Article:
Do I have a right terminate my lease if I do not feel safe living in my apartment?

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Do I have a right terminate my lease if I do not feel safe living in my apartment?

Recently our apartment building caught on fire. It was started because the tenants downstairs did not extinguish a cigarette and it caught the side of the building on fire. It was only a few minutes from burning through the way and into our apartment cutting off our main exit. The apartment said that since there is no legal ordinance to regulate smoking or butt cans, they can do nothing further than to urge tenants to be careful. I would like to know what are my rights? What are my rights as a concerned tenant after a fire?  

Asked on July 13, 2011 under Real Estate Law, Indiana

Answers:

SJZ, Member, New York Bar / FreeAdvice Contributing Attorney

Answered 9 years ago | Contributor

Unfortunately, a right to terminate a lease without penalty (e.g. without paying the remaining rent due for the balance of the lease term) only comes into play if it's something the *landlord* is doing which affects safety or habitability. You can't terminate a lease legally due to dangers posed by other people; for example, if your building were in a very bad neighborhood, the threat of crime or violence would not let you terminate your lease.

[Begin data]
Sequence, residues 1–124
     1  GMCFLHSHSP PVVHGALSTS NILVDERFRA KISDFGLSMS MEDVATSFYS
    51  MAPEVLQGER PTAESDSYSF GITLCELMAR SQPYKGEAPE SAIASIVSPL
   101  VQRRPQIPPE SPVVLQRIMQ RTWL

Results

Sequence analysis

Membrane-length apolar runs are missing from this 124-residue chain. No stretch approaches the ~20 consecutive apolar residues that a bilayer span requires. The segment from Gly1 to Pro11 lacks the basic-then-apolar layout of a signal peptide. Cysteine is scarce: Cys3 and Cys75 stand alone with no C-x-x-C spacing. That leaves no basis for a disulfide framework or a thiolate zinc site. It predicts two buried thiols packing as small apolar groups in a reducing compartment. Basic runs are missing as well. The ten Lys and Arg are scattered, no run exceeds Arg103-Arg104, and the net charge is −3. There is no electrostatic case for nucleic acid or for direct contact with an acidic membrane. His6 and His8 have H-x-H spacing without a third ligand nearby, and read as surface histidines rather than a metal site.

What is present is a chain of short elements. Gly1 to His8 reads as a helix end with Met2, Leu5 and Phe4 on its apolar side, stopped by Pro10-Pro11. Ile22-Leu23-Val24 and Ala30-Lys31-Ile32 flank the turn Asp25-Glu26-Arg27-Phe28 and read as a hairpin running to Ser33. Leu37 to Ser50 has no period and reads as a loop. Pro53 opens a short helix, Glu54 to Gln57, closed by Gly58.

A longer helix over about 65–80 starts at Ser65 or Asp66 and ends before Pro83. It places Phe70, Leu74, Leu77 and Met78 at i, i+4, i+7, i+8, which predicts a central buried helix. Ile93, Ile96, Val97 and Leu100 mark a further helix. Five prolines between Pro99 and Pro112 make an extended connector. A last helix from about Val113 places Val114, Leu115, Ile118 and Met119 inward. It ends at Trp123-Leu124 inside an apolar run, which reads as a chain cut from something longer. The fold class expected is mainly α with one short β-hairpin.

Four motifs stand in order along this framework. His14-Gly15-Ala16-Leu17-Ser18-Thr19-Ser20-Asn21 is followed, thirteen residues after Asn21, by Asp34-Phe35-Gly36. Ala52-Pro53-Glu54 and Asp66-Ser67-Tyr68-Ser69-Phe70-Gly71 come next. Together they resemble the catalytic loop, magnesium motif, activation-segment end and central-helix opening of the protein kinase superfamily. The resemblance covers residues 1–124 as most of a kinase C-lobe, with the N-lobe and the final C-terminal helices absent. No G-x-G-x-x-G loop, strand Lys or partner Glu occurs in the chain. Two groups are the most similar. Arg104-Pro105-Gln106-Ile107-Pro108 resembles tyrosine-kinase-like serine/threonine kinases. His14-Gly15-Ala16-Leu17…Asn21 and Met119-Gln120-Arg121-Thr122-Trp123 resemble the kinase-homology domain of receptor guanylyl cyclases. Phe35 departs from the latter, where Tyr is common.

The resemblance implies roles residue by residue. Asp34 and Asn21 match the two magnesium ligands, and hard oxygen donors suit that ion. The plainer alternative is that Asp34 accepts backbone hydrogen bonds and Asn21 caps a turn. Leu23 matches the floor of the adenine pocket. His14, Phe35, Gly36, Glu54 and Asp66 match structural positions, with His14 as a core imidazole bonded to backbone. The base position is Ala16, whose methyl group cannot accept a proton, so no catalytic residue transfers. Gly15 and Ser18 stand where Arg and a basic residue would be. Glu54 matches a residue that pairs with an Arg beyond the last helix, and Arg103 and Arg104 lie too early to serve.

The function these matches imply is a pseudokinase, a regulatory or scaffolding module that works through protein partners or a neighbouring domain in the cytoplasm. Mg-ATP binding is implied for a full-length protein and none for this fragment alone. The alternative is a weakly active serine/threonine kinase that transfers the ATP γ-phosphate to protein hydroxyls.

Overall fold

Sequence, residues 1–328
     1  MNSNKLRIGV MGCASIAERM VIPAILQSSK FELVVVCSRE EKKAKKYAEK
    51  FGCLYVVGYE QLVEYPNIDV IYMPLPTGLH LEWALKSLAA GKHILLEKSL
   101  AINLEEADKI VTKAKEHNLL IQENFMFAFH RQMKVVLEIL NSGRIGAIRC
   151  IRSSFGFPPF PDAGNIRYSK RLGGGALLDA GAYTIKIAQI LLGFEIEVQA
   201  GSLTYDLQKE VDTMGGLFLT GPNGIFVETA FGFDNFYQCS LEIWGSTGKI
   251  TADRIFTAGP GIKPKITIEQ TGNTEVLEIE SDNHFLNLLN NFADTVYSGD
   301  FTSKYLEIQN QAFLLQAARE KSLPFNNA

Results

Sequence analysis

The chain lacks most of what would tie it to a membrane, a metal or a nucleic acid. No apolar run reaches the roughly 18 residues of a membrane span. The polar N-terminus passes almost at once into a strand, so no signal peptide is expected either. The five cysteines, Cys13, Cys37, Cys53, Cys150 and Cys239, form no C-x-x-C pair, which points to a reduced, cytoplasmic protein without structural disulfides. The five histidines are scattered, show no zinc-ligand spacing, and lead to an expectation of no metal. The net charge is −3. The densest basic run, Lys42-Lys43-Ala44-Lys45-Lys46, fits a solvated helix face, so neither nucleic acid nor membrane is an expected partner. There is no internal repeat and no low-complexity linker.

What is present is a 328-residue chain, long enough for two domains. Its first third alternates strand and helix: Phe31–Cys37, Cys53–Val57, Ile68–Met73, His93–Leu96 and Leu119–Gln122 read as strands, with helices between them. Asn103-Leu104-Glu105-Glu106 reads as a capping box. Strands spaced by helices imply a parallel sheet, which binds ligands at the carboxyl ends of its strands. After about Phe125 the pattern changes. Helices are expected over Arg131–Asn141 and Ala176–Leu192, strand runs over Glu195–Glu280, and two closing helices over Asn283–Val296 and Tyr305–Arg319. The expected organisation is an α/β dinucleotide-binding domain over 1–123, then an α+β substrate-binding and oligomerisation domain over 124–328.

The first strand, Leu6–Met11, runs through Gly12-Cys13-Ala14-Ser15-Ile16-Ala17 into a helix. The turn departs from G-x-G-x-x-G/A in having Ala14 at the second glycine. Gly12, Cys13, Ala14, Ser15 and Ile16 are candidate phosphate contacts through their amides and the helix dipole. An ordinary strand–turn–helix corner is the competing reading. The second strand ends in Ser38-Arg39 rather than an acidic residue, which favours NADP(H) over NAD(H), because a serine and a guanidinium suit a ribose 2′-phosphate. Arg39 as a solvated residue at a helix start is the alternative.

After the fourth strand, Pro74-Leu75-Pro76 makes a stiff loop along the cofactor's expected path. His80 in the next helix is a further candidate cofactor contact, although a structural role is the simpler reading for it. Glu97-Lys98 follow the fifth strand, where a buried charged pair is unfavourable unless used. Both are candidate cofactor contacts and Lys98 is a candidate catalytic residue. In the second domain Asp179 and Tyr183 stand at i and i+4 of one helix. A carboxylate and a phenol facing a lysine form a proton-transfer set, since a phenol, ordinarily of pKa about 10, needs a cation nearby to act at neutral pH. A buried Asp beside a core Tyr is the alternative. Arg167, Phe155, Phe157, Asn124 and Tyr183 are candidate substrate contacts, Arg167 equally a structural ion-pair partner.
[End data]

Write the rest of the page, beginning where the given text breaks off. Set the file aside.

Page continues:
If the building is supposed to be a non-smoking building, that might give you grounds to either force the landlord to take action against the other tenants or let you out of the lease, for violation of the non-smoking terms; if there are fire code violations (e.g. not enough smoke or fire detectors, inadequate fire proofing), that may also give you grounds for some action, such as getting out of the lease or forcing the landlord to correct problems.

But if the problem is "only" other tenants' actions, the most that could possibly be done is that the landlord may be able to either evict them for damaging the landlord's property, or at at least provide them a notice to not do this again (e.g. not be careless with cigarettes) and evict them then if they do. However, it is the landlord who must do this; while you might be able to force the landlord to do so, under the rubric that your right to quiet enjoyment is being infringed upon by the other tenants, and thefore the landlord must take action, it is very difficult to make the landlord take action in a case like this if the landlord is disinclined. However, since it *may* be possible, if you feel strongly enough, you might want to consult with a landlord-tenant law attorney about whether you can compel the landlord to take action against the other tenants, even though it's very unlikely that you can safely terminate your own lease. Good luck.


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